There has been no cat-fighting between “American Idol” contestants. Gray’s appearance on “American Idol” also enabled her to exemplify her navigational skills around a studio. Gray used them to compose an original song for first-season winner Kelly Clarkston, and wrote the song “I Believe” for third-season winner Fantasia Barrino, which bulleted to the top of the Billboard charts with historic precision. In 2003, Gray wrote the songs to her debut album, The Dreamer, which yielded the No. 5 Billboard Hot Dance Music/Club Play hit, “Raindrops Will Fall.”
COLOR ME LUCKY
Things can’t go much better for Gray. Soon after laying down roots in New York, Gray met Sam Watters, another songwriter and former bandmate for the ’90s R&B act, Color Me Badd, whose biggest hit was “I Wanna Sex You Up.” The intersection of their talents, and lives, was inevitable. Watters has written and produced hits for artists ranging from Celine Dion and Jessica Simpson to Kelly Clarkston. Quite naturally, he co-wrote, produced and arranged several cuts on Gray’s album, The Dreamer. So theirs is the collision of happy hearts. After a two-year courtship, she exchanged nuptials with Watters, 37, in Italy on the cliff-side of a mountain that empties into the ocean.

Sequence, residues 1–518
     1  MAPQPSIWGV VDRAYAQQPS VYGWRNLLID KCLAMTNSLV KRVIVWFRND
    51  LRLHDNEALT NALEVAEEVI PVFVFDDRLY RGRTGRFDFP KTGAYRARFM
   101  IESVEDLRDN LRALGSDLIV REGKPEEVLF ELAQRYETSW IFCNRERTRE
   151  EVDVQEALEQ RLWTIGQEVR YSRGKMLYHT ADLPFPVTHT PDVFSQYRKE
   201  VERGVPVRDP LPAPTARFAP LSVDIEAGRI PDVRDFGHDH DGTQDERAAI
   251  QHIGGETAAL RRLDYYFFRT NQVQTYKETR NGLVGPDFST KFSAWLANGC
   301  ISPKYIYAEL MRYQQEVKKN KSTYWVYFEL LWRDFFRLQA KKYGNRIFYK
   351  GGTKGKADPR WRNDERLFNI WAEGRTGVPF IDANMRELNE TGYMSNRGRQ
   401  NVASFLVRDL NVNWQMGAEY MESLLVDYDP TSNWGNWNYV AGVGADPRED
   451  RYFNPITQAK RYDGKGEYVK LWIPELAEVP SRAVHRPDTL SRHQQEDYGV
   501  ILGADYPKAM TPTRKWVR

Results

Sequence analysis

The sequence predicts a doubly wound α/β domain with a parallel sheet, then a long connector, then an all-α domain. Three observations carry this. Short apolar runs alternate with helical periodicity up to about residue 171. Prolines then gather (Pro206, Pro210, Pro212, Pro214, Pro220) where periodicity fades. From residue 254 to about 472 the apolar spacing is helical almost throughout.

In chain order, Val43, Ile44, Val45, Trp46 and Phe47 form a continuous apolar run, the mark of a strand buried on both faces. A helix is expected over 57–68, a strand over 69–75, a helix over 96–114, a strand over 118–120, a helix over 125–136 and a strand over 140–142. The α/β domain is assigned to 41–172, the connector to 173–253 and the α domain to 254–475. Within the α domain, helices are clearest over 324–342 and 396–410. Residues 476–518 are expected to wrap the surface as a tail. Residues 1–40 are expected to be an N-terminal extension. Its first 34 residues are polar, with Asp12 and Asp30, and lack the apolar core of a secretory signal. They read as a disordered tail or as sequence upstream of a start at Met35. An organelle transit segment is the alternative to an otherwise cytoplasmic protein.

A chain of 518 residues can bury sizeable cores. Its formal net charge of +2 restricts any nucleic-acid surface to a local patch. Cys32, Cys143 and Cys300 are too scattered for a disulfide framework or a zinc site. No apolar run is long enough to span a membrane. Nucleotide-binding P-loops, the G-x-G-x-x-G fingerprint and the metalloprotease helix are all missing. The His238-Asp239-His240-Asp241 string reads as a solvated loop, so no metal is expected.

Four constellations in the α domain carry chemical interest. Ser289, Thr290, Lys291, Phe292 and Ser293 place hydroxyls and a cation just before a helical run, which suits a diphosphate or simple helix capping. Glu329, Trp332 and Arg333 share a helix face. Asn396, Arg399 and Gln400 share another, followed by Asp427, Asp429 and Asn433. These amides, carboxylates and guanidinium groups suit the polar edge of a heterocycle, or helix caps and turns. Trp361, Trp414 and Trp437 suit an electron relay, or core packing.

Meanwhile, Gray’s career continues to sizzle like charred meat on the holiday grill. The post-“Idol” years have seen Gray star in several episodes on the hit show “Boston Public.” In 2005, Gray appeared in the indie favorite The Gospel, starring Boris Kodjoe and Clifton Davis. So, as you can easily discern, Gray is not “Rent”-ing space in the world of celebrity. Her meteor continues to soar.